We stopped at the store to pick up a few items and then headed northwest on Hwy 395 towards a canyon that Mike wanted to explore. I later found out it was called Pine Creek Canyon. We took the Pine Creek Road exit. It was about 5:30 PM by now. We saw a sign that said the road we were on would end in six miles. Shortly after, we passed the small town of Rovana. Rovana is a community located in Inyo County. The elevation is 5,141 feet. Continuing further, we were headed into a narrow canyon up in the mountains. Below we could see the volcanic tablelands as we rose higher and went deeper into this towering mountain canyon. The snow-capped mountains further in the canyon loomed high and formidable above us. As we were taking in this fantastic scenery, Mike stopped the car and hurried outside. “What is he doing”? I wondered. In my side view mirror, I saw Mike looking at the rear tire on the passenger side of our SUV. He did not have a happy look on his face. I stepped out of the car and to my dismay; I saw that the rear tire was completely flat! We knew we had a spare tire under the vehicle. But Mike had never changed a flat tire on an SUV before. We had only owned our Sequoia two years. By now, it was almost 6:00 PM. I checked my cell phone thinking I could call AAA. To my dismay, we had absolutely no coverage up here. The winds were picking up in this narrow mountain canyon. The skies were darkening, and it would not be long before the sun would be setting behind the mountains. I felt panic rise up in my spirit. What would we do if we could not get down this mountain before dark? Would we have to spend the night here? There was not a single soul around who could help us. I felt like breaking down and crying and giving in to my fear. Instead, I began to pray to God and ask Him to help us. Mike found the auto manual in our glove compartment and began to read it. He placed heavy rocks under each wheel so our SUV would not roll over him. We had our bikes on the rack behind our vehicle. In order for him to get to the spare tire, he had to remove the bikes and the rack from our hitch. Next, He crawled under and began to move the spare tire down from its place. It was held in place by a winch. He had no real problems getting the spare tire out from under the vehicle. There was a hydraulic jack that came with our car, and after a couple of tries, he was able to raise the SUV enough to remove the spare. It was not easy work. I felt pretty helpless just standing there watching him and offering any help I could provide. We were in a race against time and the elements. After removing the flat tire, we saw a big screw inside. Thank God we did not have a blow out when we were on Hwy 395 driving 70 MPH. The spare tire was full of air. Thank God for small miracles! The tire was quite heavy, but Mike was able to hoist it in place and screw the bolts back in. It took about 40 minutes for him to complete the tire change and put the rack and bikes back in place. Before we left, Mike took three of the big rocks he had placed under our vehicle and piled them on top of each other as a memorial. The fourth rock we kept as a reminder of God’s provision. We then held hands and thanked the good Lord for helping us. Whew! This was our near peril miss, and we are grateful to God for His hand of protection and His help!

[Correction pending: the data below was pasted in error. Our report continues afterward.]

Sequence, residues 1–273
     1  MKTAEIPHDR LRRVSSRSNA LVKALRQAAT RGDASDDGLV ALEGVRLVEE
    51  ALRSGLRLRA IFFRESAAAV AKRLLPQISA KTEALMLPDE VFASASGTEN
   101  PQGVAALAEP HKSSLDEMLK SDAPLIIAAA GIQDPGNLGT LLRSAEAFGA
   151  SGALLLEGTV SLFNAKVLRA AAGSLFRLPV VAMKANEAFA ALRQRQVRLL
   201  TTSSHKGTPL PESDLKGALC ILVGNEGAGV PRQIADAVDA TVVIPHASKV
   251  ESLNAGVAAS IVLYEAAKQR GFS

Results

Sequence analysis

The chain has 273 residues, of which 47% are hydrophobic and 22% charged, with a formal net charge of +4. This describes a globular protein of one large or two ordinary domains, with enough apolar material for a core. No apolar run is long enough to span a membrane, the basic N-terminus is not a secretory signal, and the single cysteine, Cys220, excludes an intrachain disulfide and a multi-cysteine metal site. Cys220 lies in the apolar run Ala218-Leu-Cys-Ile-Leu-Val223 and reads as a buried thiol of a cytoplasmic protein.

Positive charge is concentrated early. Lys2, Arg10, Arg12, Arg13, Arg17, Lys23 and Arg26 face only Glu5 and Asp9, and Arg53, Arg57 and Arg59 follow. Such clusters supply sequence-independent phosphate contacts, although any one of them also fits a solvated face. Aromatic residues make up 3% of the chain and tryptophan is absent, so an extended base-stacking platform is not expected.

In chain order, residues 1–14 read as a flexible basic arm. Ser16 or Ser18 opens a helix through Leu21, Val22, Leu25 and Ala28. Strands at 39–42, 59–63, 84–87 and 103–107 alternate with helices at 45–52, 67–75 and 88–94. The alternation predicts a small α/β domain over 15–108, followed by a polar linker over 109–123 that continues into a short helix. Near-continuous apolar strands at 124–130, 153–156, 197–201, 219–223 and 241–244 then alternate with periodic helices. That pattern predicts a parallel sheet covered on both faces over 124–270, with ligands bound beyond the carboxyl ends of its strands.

We made it back to our hotel about 7:00 PM. Mike called AAA and was told that they do not repair tires. We knew we were going to be leaving tomorrow and driving up to Yosemite, so we started looking in the local Yellow Pages for a tire repair location nearby. Most businesses by this time were closed. However, Mike called one place and was given the phone number of a man named Bill who had just left for the day. Bill agreed to meet us at his place of business and repair our damaged tire. He and his wife were there when we arrived. They were so kind and gracious to not only repair our tire, but to take the spare off and put the repaired tire back on our vehicle. And they only charged us $40. Bill and his wife Patty are around the same age as we are. They are recent empty-nesters like us. Patty is originally from the Midwest as we are. We had a lot in common. Sometimes I believe God sends people our way in times of urgent need to help us out. This was one of those times. If you are ever in the town of Bishop and need your car towed or a flat tire repaired, look up Bill’s Towing Service in the Yellow Pages.